Jitterbugging couples and dark shadows against a purple background, the opening scene of David Lynch’s Mulholland Drive

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Dance+: Mulholland Drive

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Jitterbugging in David Lynch’s Mulholland Drive
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Yasen Vasilev
Dance can slip through the nets of convention and identity – just like the films of David Lynch

Mulholland Drive begins with a jitterbug…

In its twentieth anniversary year, Mulholland Drive has already been voted the best film of the twenty-first century in a BBC critics poll. Named after a road in the Hollywood hills, famous for its celebrities, the film is set in Los Angeles where, as director David Lynch once noted, there are jokes about how everyone is writing a script. Yet for Lynch, the people are yearning not necessarily for fame, but for self-expression.

In a 2020 interview, Naomi Watts, one of the film’s stars, said that after 10 years unsuccessfully auditioning in LA she ‘didn’t know who she was any more’ until she was offered the role in Mulholland Drive. The line is echoed in the movie itself: ‘I don’t know who I am’. In the movie, though, this loss of self is reclaimed as a creative act, the opposite of the exhaustion of the fixed, self‑expressing subject.

That loss or unknowing sounds ‘Lynchian’ – a word that has come to indicate surrealist techniques imposed on everyday American life to reveal the corruption behind the façade. Dance in his films has been perceived as part of this nightmarish reality or as an expression of the inner world of characters. But that’s not all that it does.


Lynch keeps returning to dance…

Mulholland Drive opens with a hypnotic jitterbug dance contest scene, where dancing shadows, retro dance footage and Naomi Watts with an elderly couple are superimposed, one on top of the other, on a purple screen. The interplay between dancers and their shadows, who take on a life of their own, foreshadows the way the dramaturgy of the movie will be set in motion – with characters slipping out of identities and with a constant doubling of characters, scenes, locations, lines and recurring details.

Actually, what’s so eerie about this scene is not only the doubling effect but the way the jitterbug, a dance once considered uncivilised and out of control, today looks quite formalised and structured. It reveals bodies moved by ideology, with roles and movements prescribed, and with a lot of social pressure hidden behind the cheerful jumping. There is very little free will in these social interactions. This is what Naomi Watts’ character, with her naive smile, doesn’t yet know but will learn the hard way (think of one of the film’s last scenes, where she is a misfit in a carefully choreographed Hollywood party).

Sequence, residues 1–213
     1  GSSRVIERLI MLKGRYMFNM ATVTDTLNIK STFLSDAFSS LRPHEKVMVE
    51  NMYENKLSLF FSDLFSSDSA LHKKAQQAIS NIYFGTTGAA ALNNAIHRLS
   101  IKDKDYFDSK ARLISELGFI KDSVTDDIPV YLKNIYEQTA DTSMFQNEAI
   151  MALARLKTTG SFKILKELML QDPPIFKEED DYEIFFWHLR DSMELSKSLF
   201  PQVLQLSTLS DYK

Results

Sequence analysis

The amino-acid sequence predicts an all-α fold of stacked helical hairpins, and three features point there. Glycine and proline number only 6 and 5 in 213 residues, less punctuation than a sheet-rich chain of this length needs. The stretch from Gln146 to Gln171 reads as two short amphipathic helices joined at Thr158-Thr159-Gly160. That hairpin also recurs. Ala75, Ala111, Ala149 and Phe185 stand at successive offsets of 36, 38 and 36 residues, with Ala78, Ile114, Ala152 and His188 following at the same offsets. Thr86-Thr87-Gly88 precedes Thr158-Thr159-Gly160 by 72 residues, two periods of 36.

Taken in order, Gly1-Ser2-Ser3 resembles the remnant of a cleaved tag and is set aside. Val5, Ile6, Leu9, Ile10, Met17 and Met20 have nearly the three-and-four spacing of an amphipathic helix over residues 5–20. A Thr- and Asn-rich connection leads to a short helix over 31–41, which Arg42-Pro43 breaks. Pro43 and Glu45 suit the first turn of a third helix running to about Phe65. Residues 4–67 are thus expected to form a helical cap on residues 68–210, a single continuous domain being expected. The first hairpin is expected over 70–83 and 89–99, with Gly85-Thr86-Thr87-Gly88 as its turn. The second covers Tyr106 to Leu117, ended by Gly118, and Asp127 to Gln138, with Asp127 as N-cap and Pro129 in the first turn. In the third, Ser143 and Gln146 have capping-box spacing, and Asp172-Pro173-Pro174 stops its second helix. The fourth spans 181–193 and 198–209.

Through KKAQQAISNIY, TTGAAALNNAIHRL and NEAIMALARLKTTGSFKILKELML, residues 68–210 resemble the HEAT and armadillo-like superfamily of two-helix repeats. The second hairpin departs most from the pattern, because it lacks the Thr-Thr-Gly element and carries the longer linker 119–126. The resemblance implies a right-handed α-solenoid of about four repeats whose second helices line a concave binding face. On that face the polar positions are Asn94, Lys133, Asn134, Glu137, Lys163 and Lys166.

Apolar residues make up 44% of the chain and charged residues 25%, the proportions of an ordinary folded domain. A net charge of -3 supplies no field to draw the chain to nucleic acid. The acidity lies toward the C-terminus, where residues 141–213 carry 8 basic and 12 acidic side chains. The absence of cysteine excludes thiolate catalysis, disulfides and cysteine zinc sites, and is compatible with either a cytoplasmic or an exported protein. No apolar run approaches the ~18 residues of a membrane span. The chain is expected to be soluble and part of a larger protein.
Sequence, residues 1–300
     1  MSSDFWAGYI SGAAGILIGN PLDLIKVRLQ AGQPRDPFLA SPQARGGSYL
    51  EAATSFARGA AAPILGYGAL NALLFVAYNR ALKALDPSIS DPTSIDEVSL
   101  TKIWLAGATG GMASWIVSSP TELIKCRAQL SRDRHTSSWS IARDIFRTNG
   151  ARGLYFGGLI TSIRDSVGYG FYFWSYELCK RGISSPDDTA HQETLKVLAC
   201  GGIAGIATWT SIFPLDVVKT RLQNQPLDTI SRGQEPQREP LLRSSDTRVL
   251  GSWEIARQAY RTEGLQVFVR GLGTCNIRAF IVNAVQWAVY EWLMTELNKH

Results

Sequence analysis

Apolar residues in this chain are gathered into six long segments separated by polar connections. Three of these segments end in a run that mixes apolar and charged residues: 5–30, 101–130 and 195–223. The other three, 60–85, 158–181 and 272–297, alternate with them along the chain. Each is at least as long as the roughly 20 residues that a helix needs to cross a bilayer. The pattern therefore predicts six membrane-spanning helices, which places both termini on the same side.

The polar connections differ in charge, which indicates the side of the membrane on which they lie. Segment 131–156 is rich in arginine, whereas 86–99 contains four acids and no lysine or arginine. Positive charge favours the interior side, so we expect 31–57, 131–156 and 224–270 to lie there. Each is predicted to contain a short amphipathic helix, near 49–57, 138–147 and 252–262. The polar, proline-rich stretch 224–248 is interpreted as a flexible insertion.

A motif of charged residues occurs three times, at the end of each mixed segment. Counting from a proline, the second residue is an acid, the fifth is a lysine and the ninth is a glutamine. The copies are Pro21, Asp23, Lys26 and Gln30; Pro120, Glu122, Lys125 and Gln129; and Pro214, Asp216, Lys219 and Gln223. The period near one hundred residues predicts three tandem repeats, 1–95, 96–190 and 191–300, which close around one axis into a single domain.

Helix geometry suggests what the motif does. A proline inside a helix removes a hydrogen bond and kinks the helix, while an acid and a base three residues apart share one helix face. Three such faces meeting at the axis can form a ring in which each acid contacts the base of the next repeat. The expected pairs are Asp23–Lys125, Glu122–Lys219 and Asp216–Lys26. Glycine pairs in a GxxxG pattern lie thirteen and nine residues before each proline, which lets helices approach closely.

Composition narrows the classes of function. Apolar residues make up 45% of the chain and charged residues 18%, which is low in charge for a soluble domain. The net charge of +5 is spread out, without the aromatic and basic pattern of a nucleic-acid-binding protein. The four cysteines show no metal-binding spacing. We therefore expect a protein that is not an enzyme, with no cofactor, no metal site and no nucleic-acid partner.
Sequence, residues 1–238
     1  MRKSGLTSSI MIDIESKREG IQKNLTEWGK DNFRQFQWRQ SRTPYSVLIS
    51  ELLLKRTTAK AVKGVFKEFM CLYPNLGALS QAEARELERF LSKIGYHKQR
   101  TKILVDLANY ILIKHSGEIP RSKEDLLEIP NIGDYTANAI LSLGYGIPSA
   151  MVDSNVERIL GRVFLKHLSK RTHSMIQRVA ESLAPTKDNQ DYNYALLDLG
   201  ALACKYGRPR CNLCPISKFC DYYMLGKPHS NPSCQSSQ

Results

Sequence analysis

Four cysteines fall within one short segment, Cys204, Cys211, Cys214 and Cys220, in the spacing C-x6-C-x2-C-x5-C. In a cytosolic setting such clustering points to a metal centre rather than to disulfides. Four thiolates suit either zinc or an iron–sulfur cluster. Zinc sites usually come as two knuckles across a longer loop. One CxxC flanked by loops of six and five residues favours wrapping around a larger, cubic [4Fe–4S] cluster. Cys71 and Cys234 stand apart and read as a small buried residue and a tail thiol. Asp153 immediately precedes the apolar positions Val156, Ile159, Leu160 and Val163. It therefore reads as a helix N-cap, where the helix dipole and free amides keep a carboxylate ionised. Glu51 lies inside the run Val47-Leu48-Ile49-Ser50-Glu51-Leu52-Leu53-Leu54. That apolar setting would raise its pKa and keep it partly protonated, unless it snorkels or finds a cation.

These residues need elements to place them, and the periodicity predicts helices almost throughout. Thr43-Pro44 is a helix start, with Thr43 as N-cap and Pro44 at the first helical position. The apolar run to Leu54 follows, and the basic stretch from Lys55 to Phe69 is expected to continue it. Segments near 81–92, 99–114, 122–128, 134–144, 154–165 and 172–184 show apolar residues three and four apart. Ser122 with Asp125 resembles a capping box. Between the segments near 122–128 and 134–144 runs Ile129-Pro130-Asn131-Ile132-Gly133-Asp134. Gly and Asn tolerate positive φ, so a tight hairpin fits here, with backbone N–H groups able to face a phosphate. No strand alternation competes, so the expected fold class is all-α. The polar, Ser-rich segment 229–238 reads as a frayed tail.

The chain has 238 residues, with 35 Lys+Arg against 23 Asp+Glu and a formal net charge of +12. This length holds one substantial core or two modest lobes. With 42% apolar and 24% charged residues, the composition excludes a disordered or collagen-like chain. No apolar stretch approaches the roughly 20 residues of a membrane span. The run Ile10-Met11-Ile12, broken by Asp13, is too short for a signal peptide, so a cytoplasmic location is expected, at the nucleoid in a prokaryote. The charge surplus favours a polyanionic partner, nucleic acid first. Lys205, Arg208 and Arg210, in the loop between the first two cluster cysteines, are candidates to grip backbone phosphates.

This cryptic movie spawned numerous interpretive theories, the most common ones privatising the dream story within a psychotic consciousness, even though Lynch continuously stresses the experience over the message, and refuses to discuss the meanings of the film. Privatisation obscures this critique. For before they were stripped of ideology and co-opted as pure aesthetic, surrealist techniques of manipulating form had a political stance.

Lynch’s movies are an aesthetic deconstruction of the American dream and the society of winners and losers it produces – epitomised best by Hollywood, whose industry has been one of the two legs exporting it internationally, the other being the military complex. Lynch often reinforces cinematic clichés only to fail our expectations; he works within tradition in order to subvert it. By inventing interventions on the level of form, he performs critique, while at the same time creating an alternative.


Blue Quote Mark

Oh, you can actually do that? Without any consequences?

Blue Quote Mark

I first saw Mulholland Drive when I was making my own first attempts at scriptwriting. I remember being struck by the characters swapping names and identities, and thinking: oh, you can actually do that? Without any consequences? It felt liberating and game-changing. Even more telling was that this level of freedom came from lost funding – Mulholland Drive was actually a rejected pilot for a new TV series which then found French funding and turned into a full-length feature. It is a good reminder of the autonomy of art, its power to disrupt the established order and rehearse new realities.

Lynch offers his characters a fluidity of identity in a world where they’re not fixed into socially determined categories. Fantasy can thus be interpreted not only as an escape from reality, but as a creative act of reimagining: reality as it could be. Lynch doesn’t stick to one option or the other. His movie is not only a critique of power structures, not only an empathic psychological exploration of failure, not only a queer love story; it is all of those at the same time, and it defies any attempt to be fit into a (blue) box: ‘It’s an experience, not an intellectual thing.’

The same can be said about dance. It is embodied but it transcends the self, identity and social standing. It is a concrete language of abstraction that has the potential not only to express and reflect but to reimagine the world and set it in motion, redistributing affects to both performers and audiences. 


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